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What is a Special Needs Trust? Thumbnail

What is a Special Needs Trust?

Special Needs Planning

What is a Special Needs Trust?


Guest post courtesy of Steven D. Jaeger, Esq. of The Jaeger Firm, LLC


If a person with special needs has assets -- perhaps from a lawsuit award or settlement or from a gift or inheritance – those assets can disqualify the person from receiving essential public benefits like Medicaid and Supplemental Security Income (SSI).  A special needs trust can allow the person with special needs – the trust’s beneficiary -- to remain eligible for needs-based public benefits while at the same time preserving the assets to enhance the beneficiary’s quality of life.

Special needs trusts are intended to supplement, not replace, the kind of basic support that programs like Medicaid and SSI provide. Such trusts pay for anything the trust document provides for, including comforts and luxuries that meager public assistance funds don't cover -- hence the term “special needs.”  A special needs trust has been likened to a “parent's pocket” -- that is, it pays for the kinds of things that a parent would just reach into his or her pocket to cover. These trusts typically pay for amenities beyond the simple necessities of life, things like education, recreation, counseling, and medical attention. 

Funds held in a properly drafted special needs trust should not affect a Medicaid or SSI recipient’s benefits. But problems can develop when funds from a special needs trust are spent. Because the rules are very complicated, it is best to always sit down with your special needs planner to discuss what you intend to do with your trust before making any payments to anyone.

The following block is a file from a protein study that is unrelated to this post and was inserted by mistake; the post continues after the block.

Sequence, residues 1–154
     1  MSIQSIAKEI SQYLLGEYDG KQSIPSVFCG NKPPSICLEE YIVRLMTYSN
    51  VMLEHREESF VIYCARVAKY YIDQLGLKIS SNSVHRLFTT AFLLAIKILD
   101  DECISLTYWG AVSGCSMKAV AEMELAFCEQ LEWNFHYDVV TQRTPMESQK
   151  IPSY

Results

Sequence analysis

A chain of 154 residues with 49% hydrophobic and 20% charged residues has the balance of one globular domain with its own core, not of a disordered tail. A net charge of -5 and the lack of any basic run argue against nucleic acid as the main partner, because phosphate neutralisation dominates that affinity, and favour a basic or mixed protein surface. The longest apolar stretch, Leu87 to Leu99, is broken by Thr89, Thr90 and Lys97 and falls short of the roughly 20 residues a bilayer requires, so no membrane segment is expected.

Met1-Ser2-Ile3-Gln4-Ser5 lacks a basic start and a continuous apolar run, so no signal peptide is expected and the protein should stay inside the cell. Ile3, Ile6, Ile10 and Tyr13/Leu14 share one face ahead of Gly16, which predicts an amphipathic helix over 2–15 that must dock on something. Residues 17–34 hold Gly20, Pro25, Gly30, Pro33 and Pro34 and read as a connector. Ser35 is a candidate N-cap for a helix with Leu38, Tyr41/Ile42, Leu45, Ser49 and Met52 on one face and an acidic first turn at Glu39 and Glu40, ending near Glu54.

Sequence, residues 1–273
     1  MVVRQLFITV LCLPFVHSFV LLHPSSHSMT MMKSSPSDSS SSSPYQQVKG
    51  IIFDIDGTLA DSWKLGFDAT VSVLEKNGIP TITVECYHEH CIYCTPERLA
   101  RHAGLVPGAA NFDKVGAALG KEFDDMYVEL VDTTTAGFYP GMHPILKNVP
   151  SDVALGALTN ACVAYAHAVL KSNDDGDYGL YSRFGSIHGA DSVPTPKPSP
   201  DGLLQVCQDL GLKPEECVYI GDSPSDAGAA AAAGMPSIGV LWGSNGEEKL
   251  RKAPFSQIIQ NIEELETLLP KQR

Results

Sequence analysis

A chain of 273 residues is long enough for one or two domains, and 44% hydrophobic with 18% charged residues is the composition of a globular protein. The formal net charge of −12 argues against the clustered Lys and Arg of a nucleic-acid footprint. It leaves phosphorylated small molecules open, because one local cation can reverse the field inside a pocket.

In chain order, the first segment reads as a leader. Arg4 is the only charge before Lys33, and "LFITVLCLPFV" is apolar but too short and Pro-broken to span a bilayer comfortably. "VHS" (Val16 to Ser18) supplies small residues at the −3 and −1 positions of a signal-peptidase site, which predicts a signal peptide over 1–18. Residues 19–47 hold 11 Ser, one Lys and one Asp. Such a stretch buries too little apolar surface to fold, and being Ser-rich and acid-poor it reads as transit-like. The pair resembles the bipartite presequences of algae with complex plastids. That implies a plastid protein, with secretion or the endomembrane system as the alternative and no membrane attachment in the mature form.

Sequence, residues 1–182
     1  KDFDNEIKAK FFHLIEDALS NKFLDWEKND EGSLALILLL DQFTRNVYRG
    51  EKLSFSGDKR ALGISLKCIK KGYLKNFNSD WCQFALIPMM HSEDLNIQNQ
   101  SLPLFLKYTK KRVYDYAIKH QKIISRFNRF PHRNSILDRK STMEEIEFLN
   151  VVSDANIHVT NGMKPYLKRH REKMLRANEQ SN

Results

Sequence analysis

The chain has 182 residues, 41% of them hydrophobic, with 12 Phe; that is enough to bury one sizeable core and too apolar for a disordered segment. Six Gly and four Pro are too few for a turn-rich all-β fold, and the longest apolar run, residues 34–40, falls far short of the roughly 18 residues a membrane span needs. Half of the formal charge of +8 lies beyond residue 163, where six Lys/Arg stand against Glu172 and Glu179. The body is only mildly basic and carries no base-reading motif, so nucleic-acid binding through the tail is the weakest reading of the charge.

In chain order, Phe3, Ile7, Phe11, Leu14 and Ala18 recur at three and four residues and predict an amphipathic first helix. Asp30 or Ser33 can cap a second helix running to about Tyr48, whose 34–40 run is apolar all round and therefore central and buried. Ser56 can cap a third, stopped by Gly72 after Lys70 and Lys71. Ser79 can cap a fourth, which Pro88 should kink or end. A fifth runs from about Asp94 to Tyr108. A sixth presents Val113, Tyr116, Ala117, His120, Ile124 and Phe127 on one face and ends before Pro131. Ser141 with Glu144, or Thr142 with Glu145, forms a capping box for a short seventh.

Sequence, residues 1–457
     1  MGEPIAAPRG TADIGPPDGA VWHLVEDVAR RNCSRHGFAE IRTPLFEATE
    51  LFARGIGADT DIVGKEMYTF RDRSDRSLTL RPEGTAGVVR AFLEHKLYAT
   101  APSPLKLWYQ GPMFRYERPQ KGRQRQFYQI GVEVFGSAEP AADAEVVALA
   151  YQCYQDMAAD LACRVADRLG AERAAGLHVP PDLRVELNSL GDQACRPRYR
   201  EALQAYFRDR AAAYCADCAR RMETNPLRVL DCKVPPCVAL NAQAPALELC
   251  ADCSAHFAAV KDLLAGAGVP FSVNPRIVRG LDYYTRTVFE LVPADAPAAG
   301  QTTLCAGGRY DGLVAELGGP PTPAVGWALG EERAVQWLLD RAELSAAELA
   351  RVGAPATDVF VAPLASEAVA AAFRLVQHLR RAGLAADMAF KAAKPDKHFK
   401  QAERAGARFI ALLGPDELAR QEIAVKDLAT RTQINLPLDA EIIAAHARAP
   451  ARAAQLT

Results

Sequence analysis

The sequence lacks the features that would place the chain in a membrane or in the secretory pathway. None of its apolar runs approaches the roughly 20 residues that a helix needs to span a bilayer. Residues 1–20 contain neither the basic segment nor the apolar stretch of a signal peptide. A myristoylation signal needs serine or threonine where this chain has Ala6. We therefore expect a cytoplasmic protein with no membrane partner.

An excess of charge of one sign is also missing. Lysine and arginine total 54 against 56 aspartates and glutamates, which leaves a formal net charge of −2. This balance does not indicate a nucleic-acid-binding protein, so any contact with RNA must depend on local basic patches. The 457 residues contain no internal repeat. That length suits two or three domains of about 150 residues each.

There are two main types of special needs trusts: first-party and third-party trusts.  First-party (or “self-settled”) trusts are used when the trust assets belong to the person with special needs, perhaps from an award or settlement.  Third-party trusts are generally used when a parent or guardian wishes to establish and fund a trust for the benefit of the person with special needs, usually a minor child.  A third kind of trust, a “pooled trust,” contains the funds of many people with special needs and may be appropriate for some people.

A qualified special needs planner can walk you through the pros and cons of each type of trust and help you to properly establish one.

 


Steven D. Jaeger, Esq., The Jaeger Firm, LLC


Steven D. Jaeger is a founding member of The Jaeger Firm, PLLC, located in Erlanger, Kentucky. Through unique personal circumstances, Steve understands first-hand the need to plan for long-term care and estate issues. Diagnosed with several life-altering auto-immune disorders, he’s dedicated his life to helping others understand the need for long-term planning, the importance of having a plan in place for one’s family, and the options available to people who are faced with life’s unexpected events. Steve is passionate about helping families and individuals create a plan to protect themselves, their families, and the assets they have worked their entire life to accumulate, while also preserving legacies and dignity during the aging process. 


X² Wealth Planning and Juncture Wealth Strategies are not affiliated with The Jaeger Firm, LLC. All information provided by the guest blogger has been provided as is and has not been reviewed or edited for accuracy.

Cover Photo by Nathan Anderson on Unsplash


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